I have a new MM affiliate set up! You know you want to order coffee, so try it now… and stay awake during the vocabulary stuff.

I thought it might be an adverbial use, but it probably isn’t.  There’s a perfectly good manifeste available in Latin. Augustine of Hippo in Contra epistulam Parmeniani 4,8 wrote: Quem proptera saepe nomino, quia ita manifestus apparuit, ut ubicumque fuerit nominatus nullus se ignorare respondeat.  Leo the Great in tr. 71 wrote: Et licet reuolutio lapidis, euacuatio monumenti, depositio linteorum, et totius facti angeli narratores copiose ueritatem dominicae resurrectionis adstruerent, et mulierum tamen uisui, et apostolorum oculis frequenter manifestus apparuit, non solum conloquens cum eis, sed etiam habitans atque conuescens, et pertractari se diligenti curioso que contactu ab eis quos dubitatio perstringebat admittens.  The phrase manifestus apparuit also happens to appear manifestly in old Prefaces in versions of the Gelasian Sacramentary, such as in the Liber sacramentorum Augustodunensis: Vd. <per Christum dominum nostrum>. qui post resurrectionem suam omnibus discipulis suis manifestus apparuit. et ipsis cernentibus est elevatus in caelum. ut nos diuinitatis suae tribueret esse participes: Et ideo cum angelis.  In any event, the construction is well attested.  If we go farther afield and look for manifeste, manifestius, etc., with forms of appareo we get lots of occasions from Classical writers such as Quintillian, Pliny Elder.  In Latin Fathers we find it in Cyprian of Carthage, Novatian, Augustine of course, often,  It’s a commonplace.

Back to the Preface.

The decree states that conferences will have to work out their translations of the preface.


Truly is it worthy and just, advantageous and salutary, that in all things we proclaim You, Father Almighty, whose mercy is not less than (Your) power, through Christ our Lord – Who, manifest, appeared in the garden to Mary Magdalene, for indeed she loved Him while he was living, saw Him on the Cross dying, in the sepulcher sought Him lying, and, being the first, adored Him from the dead rising, and He honored her with the duty of apostleship in the presence of the apostles, so that the good news of new life would reach unto the ends of the earth.  Whence we also, O Lord, with Angels and Saints, profess to you, saying in exultation: Holy, Holy, Holy Lord God of Hosts….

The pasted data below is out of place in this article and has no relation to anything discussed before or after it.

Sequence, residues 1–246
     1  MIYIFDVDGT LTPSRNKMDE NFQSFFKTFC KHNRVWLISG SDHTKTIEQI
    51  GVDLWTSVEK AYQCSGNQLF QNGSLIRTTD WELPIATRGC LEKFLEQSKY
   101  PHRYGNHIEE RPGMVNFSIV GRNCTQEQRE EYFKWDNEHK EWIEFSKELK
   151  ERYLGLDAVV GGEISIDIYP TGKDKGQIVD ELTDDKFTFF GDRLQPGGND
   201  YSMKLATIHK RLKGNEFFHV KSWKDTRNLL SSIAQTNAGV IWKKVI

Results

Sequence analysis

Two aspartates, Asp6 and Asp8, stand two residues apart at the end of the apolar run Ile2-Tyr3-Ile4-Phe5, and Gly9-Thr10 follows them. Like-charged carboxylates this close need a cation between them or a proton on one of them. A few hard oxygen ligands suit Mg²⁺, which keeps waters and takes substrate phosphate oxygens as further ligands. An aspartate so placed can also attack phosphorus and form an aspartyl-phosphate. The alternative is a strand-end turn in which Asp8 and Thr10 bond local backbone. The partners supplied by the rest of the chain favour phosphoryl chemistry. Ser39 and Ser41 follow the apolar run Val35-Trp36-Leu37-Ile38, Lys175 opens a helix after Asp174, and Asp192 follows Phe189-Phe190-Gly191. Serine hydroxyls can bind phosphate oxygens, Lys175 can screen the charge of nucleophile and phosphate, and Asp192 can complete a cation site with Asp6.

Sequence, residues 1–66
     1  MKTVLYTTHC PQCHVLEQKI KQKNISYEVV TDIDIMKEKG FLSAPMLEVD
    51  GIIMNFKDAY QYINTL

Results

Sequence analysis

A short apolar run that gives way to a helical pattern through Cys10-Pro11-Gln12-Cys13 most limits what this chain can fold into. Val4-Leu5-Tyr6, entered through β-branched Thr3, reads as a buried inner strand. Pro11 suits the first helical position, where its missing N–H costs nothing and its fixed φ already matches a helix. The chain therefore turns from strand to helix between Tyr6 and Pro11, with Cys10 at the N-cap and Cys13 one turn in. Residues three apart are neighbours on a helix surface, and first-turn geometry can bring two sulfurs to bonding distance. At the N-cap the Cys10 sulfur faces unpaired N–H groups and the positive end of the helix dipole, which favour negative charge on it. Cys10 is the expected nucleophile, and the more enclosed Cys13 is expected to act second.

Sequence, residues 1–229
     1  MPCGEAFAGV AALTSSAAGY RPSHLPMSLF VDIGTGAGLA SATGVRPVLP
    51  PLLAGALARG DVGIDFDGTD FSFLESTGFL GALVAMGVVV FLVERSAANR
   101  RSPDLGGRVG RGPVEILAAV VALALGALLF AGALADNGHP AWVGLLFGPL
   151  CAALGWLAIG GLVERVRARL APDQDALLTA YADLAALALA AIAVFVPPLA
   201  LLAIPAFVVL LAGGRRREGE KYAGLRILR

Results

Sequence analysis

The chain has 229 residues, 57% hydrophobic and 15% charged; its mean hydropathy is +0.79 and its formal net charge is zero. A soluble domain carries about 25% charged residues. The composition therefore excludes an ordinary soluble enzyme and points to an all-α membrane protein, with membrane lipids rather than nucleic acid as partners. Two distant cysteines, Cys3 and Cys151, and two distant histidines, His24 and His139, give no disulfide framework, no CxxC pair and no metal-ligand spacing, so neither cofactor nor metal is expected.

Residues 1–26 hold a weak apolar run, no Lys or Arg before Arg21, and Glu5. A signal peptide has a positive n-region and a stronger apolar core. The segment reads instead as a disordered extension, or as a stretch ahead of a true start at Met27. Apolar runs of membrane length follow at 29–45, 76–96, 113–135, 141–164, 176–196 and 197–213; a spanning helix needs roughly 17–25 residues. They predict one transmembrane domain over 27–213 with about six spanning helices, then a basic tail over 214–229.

UPDATE 22 July:

Here is the “working translation” of the Preface:

Preface of the Apostle of the Apostles

It is truly right and just,
our duty and our salvation,
always and everywhere to give you thanks,
Lord, holy Father, almighty and eternal God,
whose mercy is no less than His power,
to preach the Gospel to everyone, through Christ, our Lord.
In the garden He appeared to Mary Magdalene,
who loved him in life,
who witnessed his death on the cross,
who sought him as he lay in the tomb,
who was the first to adore him when he rose from the dead,
and whose apostolic duty was honored by the apostles,
that the good news of life might reach the ends of the earth.
And so Lord, with all the Angels and Saints,
we, too, give you thanks, as in exultation we acclaim: